I love games that require no special equipment because they can be played at a moment’s notice. This is one of my favourite pen-and-paper games. It is played on the complete graph K_{6}. In other words, a board with six dots where each dot is connected to every other dot by a line.

Although the game-board can be drawn up for each game, I like to have pre-printed boards which can be put inside plastic sleeves for use with erasable marker pens.

To play, two players each choose a different colour. They take turns colouring any uncoloured lines between two dots. The first player to complete a triangle made solely of their colour loses.

A natural question to ask when playing games is whether or not there will always be a winner (or loser), or if the game can end in a draw. (We are also often interested in whether there is an advantage in being the first (or second) player.) Play a few times. What do you think?

What I like about this game is that the reasoning required to determine if there will always be a winner is accessible by many children and adults, but it is also the entry point into a rich area of mathematics called Ramsey theory.

**Warning: the rest of this post contains mathematical spoilers.**

The game described earlier is called Sim, after the mathematician Gustavus Simmons who was the first to propose it. It is also equivalent to a puzzle posed in *The American Mathematical Monthly *in 1958. ‘*Prove that at a gathering of any six people, some three of them are either mutual acquaintances or complete strangers to each other.’ *That is, we can represent the six people by six dots. We can colour the lines between two acquaintances in red and the lines between two strangers in blue. The problem now is to prove that no matter how the lines are coloured, we can not avoid producing either a red triangle (between three acquaintances) or a blue triangle (between three strangers).

So, if we can prove that we cannot avoid producing a triangle of either colour, then we have proven that the game can never end in a draw. (In fact, computer search has verified that the second player can win with perfect play.)

Consider the diagram below. There are five edges leaving node A. In a completed game, they will be coloured red or blue. At least three of them must be of the same colour, say red. Now, in triangle ABC, edge BC must be blue (else we have a red triangle). Similarly, in triangle ABD, edge BD must be blue. And, in triangle ACD, edge CD must be blue. But, we have just formed a blue triangle: BCD!

We could have posed this question in reverse, that is, what is the minimum number of guests that must be invited to a party so that at least three guests will be acquaintances or at least three guests will be strangers.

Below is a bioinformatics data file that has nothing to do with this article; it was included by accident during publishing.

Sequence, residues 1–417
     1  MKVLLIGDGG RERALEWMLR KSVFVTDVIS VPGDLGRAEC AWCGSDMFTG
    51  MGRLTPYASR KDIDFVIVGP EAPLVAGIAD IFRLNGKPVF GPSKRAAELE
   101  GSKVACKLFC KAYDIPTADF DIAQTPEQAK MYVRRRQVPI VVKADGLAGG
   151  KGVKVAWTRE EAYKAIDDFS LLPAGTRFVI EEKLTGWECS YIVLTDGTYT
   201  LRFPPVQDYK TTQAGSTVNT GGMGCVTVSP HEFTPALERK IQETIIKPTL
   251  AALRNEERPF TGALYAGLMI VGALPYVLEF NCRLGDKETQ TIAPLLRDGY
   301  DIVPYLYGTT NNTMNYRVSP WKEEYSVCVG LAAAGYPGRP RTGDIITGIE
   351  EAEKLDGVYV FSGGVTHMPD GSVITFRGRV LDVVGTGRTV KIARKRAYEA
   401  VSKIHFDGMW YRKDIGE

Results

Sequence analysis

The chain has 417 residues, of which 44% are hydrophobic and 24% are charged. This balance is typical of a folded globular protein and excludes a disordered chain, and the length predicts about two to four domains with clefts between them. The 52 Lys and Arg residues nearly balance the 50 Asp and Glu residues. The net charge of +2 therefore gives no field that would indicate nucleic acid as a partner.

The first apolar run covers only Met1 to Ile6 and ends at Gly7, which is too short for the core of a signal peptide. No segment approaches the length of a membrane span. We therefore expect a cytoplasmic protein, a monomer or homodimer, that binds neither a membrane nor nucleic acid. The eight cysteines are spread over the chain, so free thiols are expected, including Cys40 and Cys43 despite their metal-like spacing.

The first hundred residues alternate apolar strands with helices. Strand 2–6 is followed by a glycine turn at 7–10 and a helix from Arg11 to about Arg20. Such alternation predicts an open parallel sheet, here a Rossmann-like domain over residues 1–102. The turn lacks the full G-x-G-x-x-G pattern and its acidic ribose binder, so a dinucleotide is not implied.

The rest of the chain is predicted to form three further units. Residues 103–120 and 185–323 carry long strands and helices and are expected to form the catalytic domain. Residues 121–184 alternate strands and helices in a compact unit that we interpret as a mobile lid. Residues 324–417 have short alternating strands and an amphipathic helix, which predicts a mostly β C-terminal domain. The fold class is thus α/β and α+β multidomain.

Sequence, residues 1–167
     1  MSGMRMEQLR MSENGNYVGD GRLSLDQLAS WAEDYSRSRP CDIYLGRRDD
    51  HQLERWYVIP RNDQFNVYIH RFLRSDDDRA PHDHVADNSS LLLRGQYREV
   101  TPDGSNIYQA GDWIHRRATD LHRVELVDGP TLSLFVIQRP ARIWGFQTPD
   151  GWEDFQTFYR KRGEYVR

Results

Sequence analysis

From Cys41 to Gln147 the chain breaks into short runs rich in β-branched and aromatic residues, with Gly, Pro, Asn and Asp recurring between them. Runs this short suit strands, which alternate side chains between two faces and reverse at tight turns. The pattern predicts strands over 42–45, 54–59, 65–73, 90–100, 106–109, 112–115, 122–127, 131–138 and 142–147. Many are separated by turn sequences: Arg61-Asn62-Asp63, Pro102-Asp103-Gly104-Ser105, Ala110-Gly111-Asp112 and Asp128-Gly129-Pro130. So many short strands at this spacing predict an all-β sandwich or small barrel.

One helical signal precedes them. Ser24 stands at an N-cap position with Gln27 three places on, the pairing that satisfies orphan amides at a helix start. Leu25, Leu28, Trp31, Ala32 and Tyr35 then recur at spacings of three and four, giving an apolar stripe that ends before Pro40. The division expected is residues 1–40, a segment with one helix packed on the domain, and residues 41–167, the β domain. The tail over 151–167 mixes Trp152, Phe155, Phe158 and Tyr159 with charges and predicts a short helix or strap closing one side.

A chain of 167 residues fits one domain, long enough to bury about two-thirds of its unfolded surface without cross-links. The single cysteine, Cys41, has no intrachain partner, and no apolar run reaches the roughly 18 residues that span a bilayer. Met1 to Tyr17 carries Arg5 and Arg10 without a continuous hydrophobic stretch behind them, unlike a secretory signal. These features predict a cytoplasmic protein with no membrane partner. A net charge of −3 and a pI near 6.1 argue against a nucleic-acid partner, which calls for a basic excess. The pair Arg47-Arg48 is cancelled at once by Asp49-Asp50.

The game of Sim shows that it is possible to invite six people to a party and have either at least three guests as acquaintances or at at least three guests as strangers. We can show that this is the *minimum *number of guests by considering a party with five people and showing that it is possible to have no triangle of the same colour between any three people.

Sim is a demonstration of the Ramsey number R(3,3) = 6. In the language of parties, the Ramsey number R(*m,n*) = *p* says that *p* is the minimum number of guests required at a party so that at least *m* guests are acquaintances or at least *n* guests are strangers.

There is a lot written about Ramsey numbers; I’ve barely scratched the surface here. (I first read about them in Martin Gardner’s *Colossal Book of Mathematics.) *Finding Ramsey numbers is an active area of mathematical research, partly because they are fiendishly hard to calculate. At present, only a handful are known. The last word is for Paul Erdös, the great Hungarian mathematician. (The extract is from *The Australian* newspaper on* *Wednesday 21 April 1993 when Australian mathematician Brendan McKay and American colleague Stanislaw Radziszowski found R(4,5)=25).

If an evil demon threatened to destroy the Earth in two years unless we could tell him the value of R(5,5), our correct response, said Erdös, should be to devote all mankind’s resources to the problem — we could probably solve it in two years. But if the demon instead asked us to tell him the value of R(6,6) — then, said Erdös, we should devote all our resources to finding a way to kill the demon.

Pingback: Wrapping up the #MTBoS30 challenge | Wonder in Mathematics